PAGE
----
Written by Peter Guralnick, who wrote the two definitive Elvis biographies, Last Train To Memphis and Careless Love, one would not be wrong to assume that this protean biography - all resolute, exceedingly well researched and nothing short of stupendous – would be as good, if not better. As good, because Dream Boogie is as unsurprisingly homeric in language and vision as its predecessors, and (perhaps) better, because it’s subject isn’t as icosahedronic a figure as Elvis – whose evolutionary permeance has nigh been distorted and destroyed beyond recognition.
As such, this book covers all terrain that a good biography ought. With unrelenting poignancy, Dream Boogie regales us with not only Sam Cooke’s rapid rise to stardom, but also his troubled marriage (and relationships with women), his classic recordings and, along with Ray Charles, reinvention of (gospel) rhythm and blues as soul music. Simply put, the book is as informative as it is endearing as it is thematically secular (like the singer himself) as it is both tragic and true and a labour of undisputed love.
From the author’s note that ‘’Sam Cooke was born into a world defined, but not limited, by its separateness…in which it was impossible to avoid…measuring one’s soul by…a (predominantly white society) that looks on in an amused contempt and pity,’’ it becomes immediately apparent that Guralnick has left no personal, let alone political, stone unturned. This may (partially) explain why Jimi Hendrix, Jackie Wilson and James Brown (to name but three) are as much a part of The Triumph of Sam Cooke, as are Fidel Castro, Malcolm X, Martin Luther King and the young Cassius Clay (to whom Cooke acted as a mentor).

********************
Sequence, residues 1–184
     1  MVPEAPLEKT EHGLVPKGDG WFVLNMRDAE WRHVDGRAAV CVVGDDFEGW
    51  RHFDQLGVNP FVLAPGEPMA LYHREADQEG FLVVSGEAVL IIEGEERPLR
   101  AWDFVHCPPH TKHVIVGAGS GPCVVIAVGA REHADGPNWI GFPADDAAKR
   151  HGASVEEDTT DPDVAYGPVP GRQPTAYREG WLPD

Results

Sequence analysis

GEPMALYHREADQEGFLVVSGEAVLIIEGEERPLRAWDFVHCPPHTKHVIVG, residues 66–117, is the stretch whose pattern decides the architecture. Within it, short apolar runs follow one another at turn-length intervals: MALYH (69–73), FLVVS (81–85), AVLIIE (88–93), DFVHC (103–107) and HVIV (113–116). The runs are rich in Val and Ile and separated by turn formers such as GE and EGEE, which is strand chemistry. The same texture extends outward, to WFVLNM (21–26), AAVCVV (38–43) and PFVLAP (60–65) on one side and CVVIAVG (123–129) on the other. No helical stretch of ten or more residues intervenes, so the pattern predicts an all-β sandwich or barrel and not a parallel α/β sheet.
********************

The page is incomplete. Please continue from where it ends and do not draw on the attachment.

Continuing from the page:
Furthermore, all of the above, were, and still are, pivotal to what was the essential issue of the day, racism and the civil rights movement – for which Cooke wrote the everlastingly beautiful civil rights anthem ‘A Change Is Gonna Come.’
Whether or not said change has come, remains pitifully open to debate; but what is without doubt, is the purity and the endless romance of Cooke’s voice, upon which the singer once remarked: ‘’When I do it, it just comes.’’
According to Guralnick: ‘That’s the way his music still sounds: as fresh, as elegant, as full of mirth, sadness, and surprise as when it first emerged, translating somehow across the ages in ways that have little to do with calculation or fashion and everything to do with spontaneity of feeling, with a kind of purity of soul. That’s the Sam Cooke I’ve sought to describe…’’
And in Dream Boogie, he’s described him brilliantly.